Relay for Life

Finding a cure and supporting survivors is the goal of the American Cancer Society Relay for Life, an event taking place in Edmond. The all-night event will be held at the University of Central Oklahoma's Plunkett Park, between 7:00 p.m. June 1 and 7:00 a.m. the next morning.

Relay for Life began in 1985 in Tacoma, Washington when a colorectal surgeon circled a university track for twenty-four hours and raised $27,000 for cancer research. Since then, the phenomenon that is Relay has spread across the United States and to several other countries.

Tammy Newberry got involved with Relay for Life through her son Isaac. What makes their story so important is that three-year-old Isaac is a cancer survivor.

Newberry remembers her son's diagnosis vividly. Two weeks after Easter in 2005, Newberry noticed a bump on Isaac's neck. By the first of May, the bump had grown to the size of a softball. The diagnosis process, from discovering the lump to undergoing the first round of chemotherapy, took about four weeks.

She explained that watching the bump grow bigger and bigger until it began affecting Isaac's breathing was hard to watch. Not being able to do anything and not knowing if the problem could be corrected-the overall feeling of uncertainty-was terrible for the family.

"That was the worst part," Newberry said.

After many doctors and tests, a CT scan finally revealed "suspicious cells." The official diagnosis was rhabdomyosarcoma, a relatively rare form of cancer in which the cells often resemble a six to twelve week old embryo.

Like many cancer patients, Isaac spent time in the hospital and underwent treatment that caused him to lose his hair. His mom explained that while he is a typical three-year-old today, he had no idea his early life was any different from those of his peers.

"He thought everyone went to chemo and lost their hair," Newberry said. She added that she is amazed at how quickly her son has recovered and at just how resilient he has proven to be.

She said that her son's type of cancer, unlike many other types, is considered cured after five years without recurrence. So far, Isaac has two years down and three more to go, a fact for which his family is very thankful.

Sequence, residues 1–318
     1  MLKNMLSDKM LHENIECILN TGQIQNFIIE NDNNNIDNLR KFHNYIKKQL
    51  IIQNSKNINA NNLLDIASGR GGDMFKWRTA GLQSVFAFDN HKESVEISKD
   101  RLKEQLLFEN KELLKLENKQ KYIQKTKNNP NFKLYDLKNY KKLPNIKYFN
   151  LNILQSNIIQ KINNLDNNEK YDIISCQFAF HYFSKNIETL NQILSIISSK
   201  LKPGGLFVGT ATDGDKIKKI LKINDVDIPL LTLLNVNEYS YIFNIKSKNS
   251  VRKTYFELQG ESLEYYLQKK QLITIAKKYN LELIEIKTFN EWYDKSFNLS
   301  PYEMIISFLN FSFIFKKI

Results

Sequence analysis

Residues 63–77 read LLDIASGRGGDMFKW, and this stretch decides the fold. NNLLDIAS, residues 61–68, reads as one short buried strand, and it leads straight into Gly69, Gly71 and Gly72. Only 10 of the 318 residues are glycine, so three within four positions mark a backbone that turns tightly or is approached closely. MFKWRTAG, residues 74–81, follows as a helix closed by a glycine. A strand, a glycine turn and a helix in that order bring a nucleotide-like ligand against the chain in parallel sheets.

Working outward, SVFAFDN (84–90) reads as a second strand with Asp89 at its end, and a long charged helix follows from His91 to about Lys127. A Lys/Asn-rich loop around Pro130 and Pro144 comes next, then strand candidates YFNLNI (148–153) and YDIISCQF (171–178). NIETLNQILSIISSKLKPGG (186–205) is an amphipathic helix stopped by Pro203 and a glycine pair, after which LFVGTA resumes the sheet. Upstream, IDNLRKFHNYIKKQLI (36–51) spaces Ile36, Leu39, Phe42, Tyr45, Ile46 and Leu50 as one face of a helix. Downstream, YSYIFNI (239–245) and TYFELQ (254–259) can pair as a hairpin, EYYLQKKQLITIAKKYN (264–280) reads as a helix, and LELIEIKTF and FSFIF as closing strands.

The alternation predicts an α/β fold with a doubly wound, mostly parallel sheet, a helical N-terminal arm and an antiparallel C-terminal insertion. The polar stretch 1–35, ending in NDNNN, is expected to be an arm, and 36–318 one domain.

After the diagnosis, Newberry said she was fortunate to be introduced to the Relay for Life concept. The initial diagnosis is devastating and that is why meeting with survivors is so important. Hearing from those who overcame the odds, rather than hearing of people who did not survive, gave the family much needed hope. Celebrating survivors, in Newberry's opinion, is the basis for Relay for Life.

The Newberry family plans to continue their involvement with the American Cancer Society Relay for Life and hopes Isaac will do the same when he gets old enough to realize what he has been through.

"It's important for survivors to be involved, not just teams," Newberry said.

Tammy McFarlin, the Edmond Relay For Life Event Chair for 2007, became involved with the event eleven years ago after her grandmother passed away from cancer. She and her mother have either been co-captains on a team or members of the organizing committee since that time.

Relay is more than just a fundraising effort of the American Cancer Society. McFarlin explained that survivorship and remembering the loss of loved ones is also part of the Relay experience.

"I feel Relay is very important to recognize our survivors, to let them know how much we support them and we support finding a cure," she said.

The events, though they vary slightly between locations, have many aspects in common. An opening ceremony featuring a survivor's lap kicks off the Relay, often held at a track. A "luminaria" ceremony emphasizing hope and paying respects to loved ones usually features candles used to light the track in remembrance of the cause. Finally, Relays often end with a closing ceremony with one last lap around the track in which everyone takes part.

McFarlin described the stages of the nightlong event as resembling the stages a cancer survivor experiences. The Relay begins at sunset, which symbolizes the diagnosis of a cancer patient. As the day comes to a close, participants experience the dark and cold, much like the physical effects and emotions often felt by cancer patients.

The time between 1:00 and 2:00 a.m. represents the start of treatment. As a patient would feel tired and sick, so may Relay participants who take turns walking the track with other team members.

"Like the cancer patient, you cannot stop or give up," McFarlin said.

From 4:00 to 5:00 a.m. symbolizes the completion of treatment when a patient realizes he will survive. The rising of the sun represents hope for a new day and the future.

Teams normally consist of employees at local businesses or organizations. These teams compete to raise funds for cancer research and the search for a cure.

"Both food and entertainment will be provided. We will have a DJ, maybe some bands and games that will go all night long," McFarlin said. "Several local restaurants have donated food."

For more information, contact Tammy McFarlin at (405) 642-0003, Suzy Shoemaker at (405) 205-8519, Kristi Strubhart at (405) 824-5215, Steve Shoemaker at (405) 417-6831 or visit

The American Cancer Society is the nationwide community-based voluntary health organization dedicated to eliminating cancer as a major health problem by preventing cancer, saving lives, and diminishing suffering from cancer, through research, education, advocacy, and service. For more information, call anytime, day or night, 1-800-227-2345 or visit

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